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Best Wetsuits

As Of June 2021

Do you enjoy spending time in the water? Are you a surfer, paddleboarder, diver or triathlon athlete? Then you will need a wetsuit! They are like a second skin that keeps you warm and protect you from direct sunlight, chafing and even unwanted sea stings. Want to find the best wetsuits on the market?
Check our guide!

We did the

1 Man Wearing RIP Curl Chest Zip Wetsuit

RIP CURL Flashbomb 3/2mm Chest Zip Wetsuit

4.8 /5

Top Pick for Front & Back Mesh Panels

  • Added warmth & durability with the stretch flash lining
  • Extremely lightweight full wetsuit that keeps you toasty even in the coldest weather
  • Freedom of movement & flexibility with front and back mesh panels
  • Hassle-free wear with a watertight front zip
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2 ZCCO Ultra Stretch Wetsuit on white background

ZCCO Ultra Stretch 3mm Neoprene Wetsuit

4.7 /5

Best Unisex Wetsuit

  • Ideal for all watersport activities as it’s a full bodysuit wetsuit
  • Comfortably put it on as it has zippers on both arms & legs
  • Prevents cold water from entering thanks to the neck’s water stop seal
  • No strain on your knees with the anti-abrasion knee pads
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3 O Neill Mens Wetsuit on white background

O'Neill Wetsuits Men's Reactor 2mm Back Zip

4.6 /5

Best Sleeveless Shorty Suit

  • Stay warm when you come out of the water due to extra insulated smooth skin
  • Maximum mobility & comfort with a seamless design
  • Elevate your performance thanks to the super stretch material
  • Put it on and off with ease thanks to its water-resistant back zip
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Conquer the Sea With the Best Wetsuits

Anyone active and fit enjoys the opportunities that the open water has to offer. A surfer somewhere right now is waiting for the first glimpse of waves with their board on hand. Paddleboarders look out from their windows, waiting for the perfect smooth sea to jump in the water. But, why limit yourself to surfing only when the water temperature is high?

A wetsuit will make colder water a non-issue even for the entry-level water sports fans. With the right wetsuit, you will be lunging in the water in no time. Be the aqua king or queen of the beach and ride those waves like a pro! Rain or shine, surf, dive and canoe in the coolest or warmest waters out there.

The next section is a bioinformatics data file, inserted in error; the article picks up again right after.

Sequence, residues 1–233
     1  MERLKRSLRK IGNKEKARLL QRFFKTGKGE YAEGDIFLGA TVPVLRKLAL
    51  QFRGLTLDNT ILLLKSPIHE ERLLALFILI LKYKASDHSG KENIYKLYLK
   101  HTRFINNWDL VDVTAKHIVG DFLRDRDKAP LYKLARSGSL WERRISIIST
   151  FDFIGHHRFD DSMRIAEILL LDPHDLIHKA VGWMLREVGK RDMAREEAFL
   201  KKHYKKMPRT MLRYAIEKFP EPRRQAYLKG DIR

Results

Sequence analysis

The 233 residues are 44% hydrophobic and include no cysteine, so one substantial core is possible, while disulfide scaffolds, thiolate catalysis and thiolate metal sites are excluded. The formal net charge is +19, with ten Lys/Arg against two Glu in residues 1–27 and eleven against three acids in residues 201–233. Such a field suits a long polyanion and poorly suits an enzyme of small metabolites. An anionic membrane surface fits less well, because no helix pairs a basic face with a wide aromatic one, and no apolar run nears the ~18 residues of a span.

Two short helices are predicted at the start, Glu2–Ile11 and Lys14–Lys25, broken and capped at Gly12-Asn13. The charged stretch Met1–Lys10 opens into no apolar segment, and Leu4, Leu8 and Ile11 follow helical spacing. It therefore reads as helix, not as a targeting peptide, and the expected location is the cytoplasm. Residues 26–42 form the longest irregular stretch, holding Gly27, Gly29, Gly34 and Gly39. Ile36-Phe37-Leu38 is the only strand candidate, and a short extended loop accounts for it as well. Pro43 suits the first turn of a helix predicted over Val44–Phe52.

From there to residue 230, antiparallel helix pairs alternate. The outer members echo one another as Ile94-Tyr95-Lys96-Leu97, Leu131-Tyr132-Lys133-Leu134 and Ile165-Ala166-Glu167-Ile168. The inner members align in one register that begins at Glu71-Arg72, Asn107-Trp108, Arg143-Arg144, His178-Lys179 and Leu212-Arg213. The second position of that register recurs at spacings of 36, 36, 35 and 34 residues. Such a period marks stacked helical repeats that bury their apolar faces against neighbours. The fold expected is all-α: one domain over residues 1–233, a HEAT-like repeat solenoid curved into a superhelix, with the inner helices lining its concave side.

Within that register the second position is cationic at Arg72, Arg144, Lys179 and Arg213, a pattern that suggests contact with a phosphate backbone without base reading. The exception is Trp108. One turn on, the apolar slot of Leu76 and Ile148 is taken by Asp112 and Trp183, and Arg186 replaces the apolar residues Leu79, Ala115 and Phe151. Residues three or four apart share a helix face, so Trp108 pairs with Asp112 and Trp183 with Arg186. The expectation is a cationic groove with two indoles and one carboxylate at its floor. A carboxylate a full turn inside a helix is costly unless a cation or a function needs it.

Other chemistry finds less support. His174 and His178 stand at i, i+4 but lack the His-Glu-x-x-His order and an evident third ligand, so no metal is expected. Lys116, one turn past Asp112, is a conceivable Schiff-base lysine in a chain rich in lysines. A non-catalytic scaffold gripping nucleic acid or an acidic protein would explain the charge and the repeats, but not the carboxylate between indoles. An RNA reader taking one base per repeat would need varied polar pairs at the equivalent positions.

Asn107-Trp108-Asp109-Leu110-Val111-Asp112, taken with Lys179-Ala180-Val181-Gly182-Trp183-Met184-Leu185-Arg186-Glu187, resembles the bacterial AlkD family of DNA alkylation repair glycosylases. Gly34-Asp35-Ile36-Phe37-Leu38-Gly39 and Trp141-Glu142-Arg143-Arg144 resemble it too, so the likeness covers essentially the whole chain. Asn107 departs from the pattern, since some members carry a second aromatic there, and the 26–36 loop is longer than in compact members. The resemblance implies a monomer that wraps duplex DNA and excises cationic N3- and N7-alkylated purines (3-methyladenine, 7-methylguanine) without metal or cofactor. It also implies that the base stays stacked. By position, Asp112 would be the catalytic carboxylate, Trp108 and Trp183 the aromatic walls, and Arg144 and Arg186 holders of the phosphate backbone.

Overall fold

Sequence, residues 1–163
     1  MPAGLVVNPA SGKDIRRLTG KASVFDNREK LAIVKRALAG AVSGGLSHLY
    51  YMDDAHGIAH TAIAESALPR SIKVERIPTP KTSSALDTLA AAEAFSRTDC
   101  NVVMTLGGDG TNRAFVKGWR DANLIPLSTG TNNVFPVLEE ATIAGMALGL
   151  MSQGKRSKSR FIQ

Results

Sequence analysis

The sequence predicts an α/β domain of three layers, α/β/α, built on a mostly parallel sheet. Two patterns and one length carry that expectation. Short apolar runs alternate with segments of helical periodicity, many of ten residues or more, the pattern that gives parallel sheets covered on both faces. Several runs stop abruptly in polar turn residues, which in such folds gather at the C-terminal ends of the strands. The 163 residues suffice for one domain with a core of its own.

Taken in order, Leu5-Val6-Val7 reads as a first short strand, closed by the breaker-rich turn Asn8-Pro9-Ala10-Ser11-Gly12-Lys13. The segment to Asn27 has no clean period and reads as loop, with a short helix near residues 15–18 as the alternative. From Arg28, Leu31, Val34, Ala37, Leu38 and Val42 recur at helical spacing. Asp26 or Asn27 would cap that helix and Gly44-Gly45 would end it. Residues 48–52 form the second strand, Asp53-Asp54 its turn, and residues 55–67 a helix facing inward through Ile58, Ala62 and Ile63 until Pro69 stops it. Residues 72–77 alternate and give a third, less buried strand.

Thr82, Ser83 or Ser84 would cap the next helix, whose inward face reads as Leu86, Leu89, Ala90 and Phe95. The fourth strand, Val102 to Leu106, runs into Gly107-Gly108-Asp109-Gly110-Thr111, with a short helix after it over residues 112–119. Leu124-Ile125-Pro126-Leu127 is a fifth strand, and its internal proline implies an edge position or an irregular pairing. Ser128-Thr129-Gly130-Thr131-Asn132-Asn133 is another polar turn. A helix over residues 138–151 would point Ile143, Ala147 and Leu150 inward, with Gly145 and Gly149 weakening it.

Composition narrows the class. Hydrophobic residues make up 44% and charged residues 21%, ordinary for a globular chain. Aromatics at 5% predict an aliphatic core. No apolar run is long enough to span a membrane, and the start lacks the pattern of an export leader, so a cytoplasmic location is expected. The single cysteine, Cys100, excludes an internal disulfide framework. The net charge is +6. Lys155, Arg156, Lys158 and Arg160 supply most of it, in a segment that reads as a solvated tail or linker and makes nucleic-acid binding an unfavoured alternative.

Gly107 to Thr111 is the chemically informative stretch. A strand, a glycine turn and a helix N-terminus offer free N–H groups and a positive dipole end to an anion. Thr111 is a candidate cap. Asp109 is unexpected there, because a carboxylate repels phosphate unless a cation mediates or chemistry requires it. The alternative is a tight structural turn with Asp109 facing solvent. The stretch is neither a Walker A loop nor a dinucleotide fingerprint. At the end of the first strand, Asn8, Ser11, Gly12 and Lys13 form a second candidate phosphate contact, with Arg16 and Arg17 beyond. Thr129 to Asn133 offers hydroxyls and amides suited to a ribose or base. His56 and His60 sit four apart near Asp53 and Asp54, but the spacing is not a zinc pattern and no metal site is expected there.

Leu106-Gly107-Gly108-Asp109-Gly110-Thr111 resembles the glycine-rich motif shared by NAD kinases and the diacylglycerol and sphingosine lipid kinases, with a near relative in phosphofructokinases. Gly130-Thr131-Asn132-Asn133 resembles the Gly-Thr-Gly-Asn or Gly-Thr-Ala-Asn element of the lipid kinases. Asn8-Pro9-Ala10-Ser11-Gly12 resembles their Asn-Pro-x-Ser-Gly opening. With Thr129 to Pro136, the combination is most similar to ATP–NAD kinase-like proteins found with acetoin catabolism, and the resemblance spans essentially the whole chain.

Do you want to find out more? Our buying guide highlights the best wetsuits out there so that you can make the right choice. Who says you can’t find a quality wetsuit to match your price point?

What is a wetsuit?

Are you just starting out with water sports? Do you have no clue what a wetsuit is and want to find out more? Well, a wetsuit is a special outfit that people who spend a lot of time in the water like to wear. They are especially nice to have if you are someone who prefers winter watersport activities. When the temperature drops and you still want to surf, swim or dive, you will find this fitness accessory insanely valuable.

Wetsuits have internal insulation and padding that keep you warm by retaining your body heat. They are usually made from a rubber neoprene material, called neoprene. It absorbs water without hitting the skin, so there is always an extra layer between you and the suit. Wetsuits are tight and flexible so that you can have high-intensity water activities comfortably.

The two types of wetsuits are either full-body or shorty ones that only cover the torso and down to the knees. It’s a matter of personal preference but also depends on what type of sport you will do. You will find many benefits to each type. If you want to find out more about the differences, check the top features section below.

Is a wetsuit necessary?

Wetsuits are an essential buy for winter use as they prevent hypothermia by warming you internally with your body heat. They are made of materials with different thickness to suit all weather conditions and keep you warm in or out of the water. If you want a suit that will allow you the most flexibility with freedom of movement, keep in mind that a thicker wetsuit is harder to move in.

A casual swimmer or surfer who plays around in the water for short periods might not find them necessary. But, wetsuits offer flexibility and extra protection in the sea. When you spend a long time in the sun, you have a higher risk of getting a sunburn. No matter how much sun lotion you put on when doing water sports, you are constantly exposed with no shading. A wetsuit will lower the chances of a bad sunburn as long as you apply sunscreen to your face and neck.

Another benefit to wetsuits? They also protect water enthusiasts from unwanted stings. If you are underwater diving or paddleboarding in the open water or on warm beaches, you might run into jellyfish or stingrays. With a full wetsuit, you cover your entire body and block out any marine life from coming close to you. Say goodbye to sharp stings and ointment treatments. We all hate it when those little sea creatures find us in the sea.

What to consider when buying a wetsuit?

Are you feeling overwhelmed with the information already? If you are a wetsuit newbie we can help you understand the things that you should consider. You will make the right pick by combining the sport type and time of year. The water temperature and sport will help you pick the right wetsuit for your needs. Take a look at some of the top features to look for before buying your suit.

1. Size Fit

We can’t stress enough how important it is that the wetsuit you buy has to be like a second skin on you. If you’re a newbie with wetsuits, you might think that its stickiness is uncomfortable or wrong but, trust us, that’s the way you should wear one. You don’t want a wetsuit that is too big on you because it will fill up with water inside, and you will feel gross and heavy.

Check the size guides before you buy a wetsuit, as there are clear instructions of which size is for you. Pick between XXS-4XL just like you would for your everyday clothes. Depending on the type, a full-body wetsuit should fit your entire body from the neck down to your ankles. A short wetsuit should also sit above the knees comfortably.